Talking to Aging Parents About Their Finances
July 23, 2021
Do you know if your parents have a will? If anyone is trying to sell them an annuity? If they are paying all of their bills? If you answered no to these questions, it may be time to have a conversation with them. You may be groaning right now—who enjoys talking about money?—but doing this can help ensure your parents’ well-being.
Many of us struggle to meet our monthly obligations, especially seniors, who often face diminished retirement savings and high medical costs. Ask your parents if they have been unable to pay any bills or purchase essential expenses, like medicine or food. If so, help them explore ways they can revise their spending plan. Are there any expenses that can be cut or reduced, like cable or dining out? Is there any way to increase their income, such as through a part-time job or reverse mortgage?
Encourage your parents to contact the creditors/service providers for any bill they are struggling to pay. (If preferred, you may be able to talk to them yourself with your parents’ permission.) Many creditors offer hardship programs, short-term arrangements that allow you to make smaller payments. Utility companies frequently have payment assistance programs for limited-income customers.
For aging parents suffering from memory problems, bills may go unpaid simply because they forget. Handling the bill payments yourself is one possibility, but if you do not have the time, you may find it helpful to use the services of a Daily Money Manager (DMM). DMMs assist with financial tasks, such as opening and paying bills, balancing checkbooks, and organizing and filling out paperwork. Professional DMMs charge a fee for their services, but low-income seniors may be eligible for free assistance through a volunteer program. (You can contact your local Area Agency on Aging for more information.) Of course, since there is the potential for abuse, you should choose a DMM carefully and periodically check up on his or her work.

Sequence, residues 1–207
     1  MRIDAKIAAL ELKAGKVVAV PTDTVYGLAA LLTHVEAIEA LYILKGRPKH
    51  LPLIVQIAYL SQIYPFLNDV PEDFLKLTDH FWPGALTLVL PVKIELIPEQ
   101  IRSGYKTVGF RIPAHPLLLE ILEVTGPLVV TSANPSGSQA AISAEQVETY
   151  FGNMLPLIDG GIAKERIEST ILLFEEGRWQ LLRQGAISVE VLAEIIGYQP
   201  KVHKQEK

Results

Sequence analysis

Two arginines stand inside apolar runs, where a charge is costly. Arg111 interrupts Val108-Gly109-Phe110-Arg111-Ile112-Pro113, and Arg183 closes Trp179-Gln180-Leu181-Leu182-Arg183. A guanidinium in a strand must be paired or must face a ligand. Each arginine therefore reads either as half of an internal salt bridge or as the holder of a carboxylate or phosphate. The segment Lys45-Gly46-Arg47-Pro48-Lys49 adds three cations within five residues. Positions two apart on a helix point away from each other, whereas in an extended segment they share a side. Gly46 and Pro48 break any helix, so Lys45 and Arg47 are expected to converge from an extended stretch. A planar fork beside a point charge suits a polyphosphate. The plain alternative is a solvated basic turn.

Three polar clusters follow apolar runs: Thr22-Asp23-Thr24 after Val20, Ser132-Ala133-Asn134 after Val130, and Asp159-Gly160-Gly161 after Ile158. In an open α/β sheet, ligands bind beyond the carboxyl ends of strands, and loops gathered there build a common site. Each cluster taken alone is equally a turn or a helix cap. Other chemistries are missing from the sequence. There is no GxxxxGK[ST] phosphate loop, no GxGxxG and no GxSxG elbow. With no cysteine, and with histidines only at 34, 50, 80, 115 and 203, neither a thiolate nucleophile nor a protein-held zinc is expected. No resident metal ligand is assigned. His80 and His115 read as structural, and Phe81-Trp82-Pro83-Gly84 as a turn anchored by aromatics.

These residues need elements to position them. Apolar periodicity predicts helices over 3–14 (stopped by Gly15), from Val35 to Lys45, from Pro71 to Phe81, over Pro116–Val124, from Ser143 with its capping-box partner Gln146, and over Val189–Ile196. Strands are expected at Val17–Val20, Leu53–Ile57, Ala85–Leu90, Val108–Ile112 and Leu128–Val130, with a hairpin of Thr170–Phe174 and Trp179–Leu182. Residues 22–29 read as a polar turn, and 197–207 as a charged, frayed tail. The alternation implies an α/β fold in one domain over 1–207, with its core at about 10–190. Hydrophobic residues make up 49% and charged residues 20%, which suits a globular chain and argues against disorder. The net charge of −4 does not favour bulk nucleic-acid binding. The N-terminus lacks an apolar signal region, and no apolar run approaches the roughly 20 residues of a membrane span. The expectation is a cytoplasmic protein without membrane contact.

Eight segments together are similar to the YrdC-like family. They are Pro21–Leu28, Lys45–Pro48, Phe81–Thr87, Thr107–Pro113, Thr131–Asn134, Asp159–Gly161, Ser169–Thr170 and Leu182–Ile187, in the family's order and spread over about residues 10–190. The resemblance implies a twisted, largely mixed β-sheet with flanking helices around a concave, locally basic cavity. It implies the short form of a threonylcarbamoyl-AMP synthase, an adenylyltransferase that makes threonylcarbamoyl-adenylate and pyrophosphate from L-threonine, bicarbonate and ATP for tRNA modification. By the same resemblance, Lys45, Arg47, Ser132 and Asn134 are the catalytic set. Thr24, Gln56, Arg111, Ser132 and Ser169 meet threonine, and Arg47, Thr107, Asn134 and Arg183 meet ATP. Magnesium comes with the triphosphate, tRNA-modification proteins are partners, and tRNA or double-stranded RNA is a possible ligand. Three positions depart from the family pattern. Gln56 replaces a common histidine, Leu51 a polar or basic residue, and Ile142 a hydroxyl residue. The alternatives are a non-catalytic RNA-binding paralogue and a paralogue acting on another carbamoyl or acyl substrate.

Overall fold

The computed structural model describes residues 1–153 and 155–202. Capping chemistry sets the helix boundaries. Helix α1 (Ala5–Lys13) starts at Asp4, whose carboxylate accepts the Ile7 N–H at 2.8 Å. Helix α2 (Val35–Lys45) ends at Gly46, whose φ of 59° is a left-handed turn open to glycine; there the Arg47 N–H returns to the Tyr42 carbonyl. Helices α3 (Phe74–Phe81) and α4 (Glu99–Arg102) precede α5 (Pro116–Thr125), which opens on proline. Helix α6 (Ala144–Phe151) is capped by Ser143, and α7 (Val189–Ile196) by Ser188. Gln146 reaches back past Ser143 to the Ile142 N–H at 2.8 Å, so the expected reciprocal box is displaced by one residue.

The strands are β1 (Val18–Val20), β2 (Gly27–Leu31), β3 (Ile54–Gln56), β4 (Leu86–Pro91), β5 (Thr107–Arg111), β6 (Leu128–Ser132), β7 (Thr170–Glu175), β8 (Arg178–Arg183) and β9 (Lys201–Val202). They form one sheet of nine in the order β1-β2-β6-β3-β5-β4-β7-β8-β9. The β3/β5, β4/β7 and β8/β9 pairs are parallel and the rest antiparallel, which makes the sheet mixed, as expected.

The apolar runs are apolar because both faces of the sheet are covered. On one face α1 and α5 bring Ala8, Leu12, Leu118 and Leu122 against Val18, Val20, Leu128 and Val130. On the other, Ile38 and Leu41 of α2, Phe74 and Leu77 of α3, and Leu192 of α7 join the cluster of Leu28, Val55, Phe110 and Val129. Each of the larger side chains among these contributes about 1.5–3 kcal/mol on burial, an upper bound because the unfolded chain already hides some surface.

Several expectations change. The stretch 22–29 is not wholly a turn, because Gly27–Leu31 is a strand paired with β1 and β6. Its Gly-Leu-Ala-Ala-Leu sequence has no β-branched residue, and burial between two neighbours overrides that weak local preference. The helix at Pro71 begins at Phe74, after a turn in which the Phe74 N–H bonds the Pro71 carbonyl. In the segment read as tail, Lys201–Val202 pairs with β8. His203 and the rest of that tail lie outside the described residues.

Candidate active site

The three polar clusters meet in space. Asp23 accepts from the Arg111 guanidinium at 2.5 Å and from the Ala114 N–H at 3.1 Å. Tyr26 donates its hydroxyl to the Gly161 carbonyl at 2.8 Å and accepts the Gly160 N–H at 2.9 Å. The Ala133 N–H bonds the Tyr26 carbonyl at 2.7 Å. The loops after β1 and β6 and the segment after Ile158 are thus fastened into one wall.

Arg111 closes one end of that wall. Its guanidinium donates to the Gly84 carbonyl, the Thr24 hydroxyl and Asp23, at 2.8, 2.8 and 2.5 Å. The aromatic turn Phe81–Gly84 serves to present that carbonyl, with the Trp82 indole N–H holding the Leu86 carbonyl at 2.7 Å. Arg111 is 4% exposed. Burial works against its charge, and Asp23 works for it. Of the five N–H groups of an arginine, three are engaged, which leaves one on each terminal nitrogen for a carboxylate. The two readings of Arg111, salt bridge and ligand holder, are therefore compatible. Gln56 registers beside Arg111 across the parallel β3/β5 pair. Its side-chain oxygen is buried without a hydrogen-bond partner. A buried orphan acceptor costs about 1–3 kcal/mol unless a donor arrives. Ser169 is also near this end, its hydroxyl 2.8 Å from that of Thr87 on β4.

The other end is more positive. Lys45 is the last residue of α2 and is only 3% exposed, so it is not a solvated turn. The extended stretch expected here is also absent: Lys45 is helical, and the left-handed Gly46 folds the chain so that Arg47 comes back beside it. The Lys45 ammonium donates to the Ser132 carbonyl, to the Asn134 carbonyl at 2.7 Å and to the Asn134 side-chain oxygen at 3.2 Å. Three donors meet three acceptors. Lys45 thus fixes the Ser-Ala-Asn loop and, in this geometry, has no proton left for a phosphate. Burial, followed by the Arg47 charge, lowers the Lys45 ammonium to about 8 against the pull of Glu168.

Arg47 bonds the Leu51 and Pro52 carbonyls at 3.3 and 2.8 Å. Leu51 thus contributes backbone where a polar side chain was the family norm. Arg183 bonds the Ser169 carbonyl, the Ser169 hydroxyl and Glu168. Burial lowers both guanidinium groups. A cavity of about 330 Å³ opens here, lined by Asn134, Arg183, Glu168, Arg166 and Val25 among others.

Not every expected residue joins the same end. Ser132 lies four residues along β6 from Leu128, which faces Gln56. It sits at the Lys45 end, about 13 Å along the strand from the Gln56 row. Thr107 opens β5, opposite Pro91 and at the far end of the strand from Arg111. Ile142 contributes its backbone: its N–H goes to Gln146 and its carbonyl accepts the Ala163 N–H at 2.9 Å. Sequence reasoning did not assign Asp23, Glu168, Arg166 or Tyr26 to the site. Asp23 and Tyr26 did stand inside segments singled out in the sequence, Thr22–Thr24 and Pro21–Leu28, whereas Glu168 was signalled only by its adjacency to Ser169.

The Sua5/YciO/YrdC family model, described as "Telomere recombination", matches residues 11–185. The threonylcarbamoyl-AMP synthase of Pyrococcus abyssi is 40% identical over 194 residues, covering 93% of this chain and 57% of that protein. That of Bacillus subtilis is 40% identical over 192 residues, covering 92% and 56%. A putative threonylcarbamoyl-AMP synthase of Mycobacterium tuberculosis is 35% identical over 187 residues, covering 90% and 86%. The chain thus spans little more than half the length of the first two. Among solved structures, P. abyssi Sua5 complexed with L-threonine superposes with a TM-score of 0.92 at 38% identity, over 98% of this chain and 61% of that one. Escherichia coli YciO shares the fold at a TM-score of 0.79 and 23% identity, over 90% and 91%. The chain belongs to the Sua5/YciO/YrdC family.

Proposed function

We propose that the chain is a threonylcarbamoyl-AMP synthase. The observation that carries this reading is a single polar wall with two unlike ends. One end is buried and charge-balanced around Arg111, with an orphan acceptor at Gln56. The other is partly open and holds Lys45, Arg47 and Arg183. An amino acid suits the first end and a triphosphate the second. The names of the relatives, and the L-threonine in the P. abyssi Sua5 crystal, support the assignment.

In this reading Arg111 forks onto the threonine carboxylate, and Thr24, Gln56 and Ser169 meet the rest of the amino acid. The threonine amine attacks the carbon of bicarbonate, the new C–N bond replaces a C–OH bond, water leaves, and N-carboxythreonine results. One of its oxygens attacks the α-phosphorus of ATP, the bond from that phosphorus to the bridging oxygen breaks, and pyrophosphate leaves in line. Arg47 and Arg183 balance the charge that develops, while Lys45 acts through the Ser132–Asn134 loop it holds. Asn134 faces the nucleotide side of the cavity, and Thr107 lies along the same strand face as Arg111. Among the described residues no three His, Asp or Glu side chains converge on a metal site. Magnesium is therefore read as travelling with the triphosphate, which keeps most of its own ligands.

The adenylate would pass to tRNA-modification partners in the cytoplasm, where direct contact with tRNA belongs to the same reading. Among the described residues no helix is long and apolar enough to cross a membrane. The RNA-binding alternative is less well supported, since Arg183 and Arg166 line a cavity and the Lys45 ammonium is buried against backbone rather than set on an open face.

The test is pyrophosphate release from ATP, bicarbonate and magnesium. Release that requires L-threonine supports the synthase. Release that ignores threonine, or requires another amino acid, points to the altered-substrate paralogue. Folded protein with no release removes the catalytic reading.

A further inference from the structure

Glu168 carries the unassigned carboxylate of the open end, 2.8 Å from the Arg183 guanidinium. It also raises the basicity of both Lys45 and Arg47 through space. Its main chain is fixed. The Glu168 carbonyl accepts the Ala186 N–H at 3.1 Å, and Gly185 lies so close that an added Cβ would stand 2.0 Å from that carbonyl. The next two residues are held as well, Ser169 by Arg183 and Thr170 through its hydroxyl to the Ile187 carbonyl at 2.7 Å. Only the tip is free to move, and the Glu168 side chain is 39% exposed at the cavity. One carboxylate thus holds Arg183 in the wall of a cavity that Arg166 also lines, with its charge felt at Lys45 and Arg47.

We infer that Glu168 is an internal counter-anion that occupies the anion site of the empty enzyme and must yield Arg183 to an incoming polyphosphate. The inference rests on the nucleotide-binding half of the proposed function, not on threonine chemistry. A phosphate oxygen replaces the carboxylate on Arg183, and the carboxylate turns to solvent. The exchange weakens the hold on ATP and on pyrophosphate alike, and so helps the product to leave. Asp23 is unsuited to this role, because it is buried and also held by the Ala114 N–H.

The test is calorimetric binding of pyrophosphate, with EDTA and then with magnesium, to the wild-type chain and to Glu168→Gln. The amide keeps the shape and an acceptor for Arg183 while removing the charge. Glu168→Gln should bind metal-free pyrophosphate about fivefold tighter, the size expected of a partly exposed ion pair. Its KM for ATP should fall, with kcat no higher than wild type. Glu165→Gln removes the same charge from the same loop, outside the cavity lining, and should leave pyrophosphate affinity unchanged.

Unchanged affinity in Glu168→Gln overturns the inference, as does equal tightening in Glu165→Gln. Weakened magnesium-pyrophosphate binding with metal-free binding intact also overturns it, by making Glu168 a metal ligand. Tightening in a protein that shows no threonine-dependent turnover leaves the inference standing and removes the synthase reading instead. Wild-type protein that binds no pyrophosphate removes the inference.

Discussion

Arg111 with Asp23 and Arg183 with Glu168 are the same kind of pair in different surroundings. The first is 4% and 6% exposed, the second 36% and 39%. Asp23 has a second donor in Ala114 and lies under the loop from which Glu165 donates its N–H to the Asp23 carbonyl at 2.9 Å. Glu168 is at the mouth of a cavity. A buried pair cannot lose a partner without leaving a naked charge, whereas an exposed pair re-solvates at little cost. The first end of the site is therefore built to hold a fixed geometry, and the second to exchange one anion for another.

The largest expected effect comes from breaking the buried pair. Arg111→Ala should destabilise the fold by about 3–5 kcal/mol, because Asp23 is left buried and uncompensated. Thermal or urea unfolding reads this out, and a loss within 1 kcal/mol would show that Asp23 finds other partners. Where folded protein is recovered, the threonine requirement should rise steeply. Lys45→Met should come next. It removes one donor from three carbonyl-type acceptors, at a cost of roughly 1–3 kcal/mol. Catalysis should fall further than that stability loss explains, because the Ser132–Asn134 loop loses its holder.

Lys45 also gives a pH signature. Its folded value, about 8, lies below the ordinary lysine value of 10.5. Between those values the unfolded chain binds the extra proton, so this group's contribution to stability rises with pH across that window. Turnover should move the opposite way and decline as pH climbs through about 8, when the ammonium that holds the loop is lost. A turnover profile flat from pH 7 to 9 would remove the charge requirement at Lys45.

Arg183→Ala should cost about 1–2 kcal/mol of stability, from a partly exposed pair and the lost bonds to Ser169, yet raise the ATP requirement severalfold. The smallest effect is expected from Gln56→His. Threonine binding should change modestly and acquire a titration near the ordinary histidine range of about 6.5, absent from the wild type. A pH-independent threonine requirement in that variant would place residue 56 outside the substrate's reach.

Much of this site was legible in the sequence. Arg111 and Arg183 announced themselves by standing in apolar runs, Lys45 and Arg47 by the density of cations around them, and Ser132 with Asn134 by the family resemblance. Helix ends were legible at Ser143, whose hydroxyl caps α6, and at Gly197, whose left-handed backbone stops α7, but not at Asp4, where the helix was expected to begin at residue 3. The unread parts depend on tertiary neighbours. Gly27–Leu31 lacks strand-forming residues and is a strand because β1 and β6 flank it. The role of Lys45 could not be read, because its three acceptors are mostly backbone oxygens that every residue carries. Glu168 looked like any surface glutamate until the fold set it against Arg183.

Long-Term Care Costs
Some time in the future, your parents will likely reach the point where they are no longer able to live on their own without help. Unless you or a relative plans to care for them, they will have to pay for nursing home, assisted-living, or in-home care. It is not unusual for long-term care costs to exceed $50,000 a year, and Medicare and Medicaid only cover them in limited circumstances.
If your parents do not already have a plan for financing their long-term care, help them create one. Putting aside a set sum each month can help your parents amass a good chunk of change, but if they do not already have a significant amount of savings, it may be difficult to save enough now to completely cover their costs. Besides saving, another option is to purchase long-term care insurance. Many policies cover both nursing home and in-home care costs. The best time to purchase this insurance is when you are in your 50s or 60s. Since there are many different provisions to consider, you and your parents may want to talk with a qualified insurance adviser about what would best meet their needs. Long-term care insurance is expensive, so it can be tempting to go with whoever offers the cheapest policy, but avoid purchasing one from a company with questionable financial health.
Unfortunately, there are many people out there looking to take advantage of others, and seniors are popular targets. If someone is trying to sell your parents an annuity, timeshare, or other investment opportunity, review it in detail to see if it would make sense financially (it probably won’t). Explain to your parents why you think it is not a good investment. If they are getting calls from telemarketers, sign them up on the National Do Not Call Registry (www.donotcall.gov or 888-382-1222). Discuss common scams, such as the promise of lottery winnings if you send a check for taxes, and encourage them to talk to you before sending money to someone.
The majority of Americans don’t have a will. No one wants to think about death, but having a will ensures your property goes to who you want it to go to and reduces the likelihood of conflict breaking out between surviving relatives. If you are not sure if your parents have one, ask. Those with more complicated financial situations may want to have their will drafted by a lawyer, but others may be able to create one with the aid of a book or computer software.
Even if you know your parents have a will, you can talk to them about whether they feel it is up to date or if they want to make any changes. For example, if they left part of their estate to a sibling and he or she died, they may prefer now to leave their whole estate to their children. Also discuss if they have other estate planning documents, such as durable power of attorney for healthcare and finances.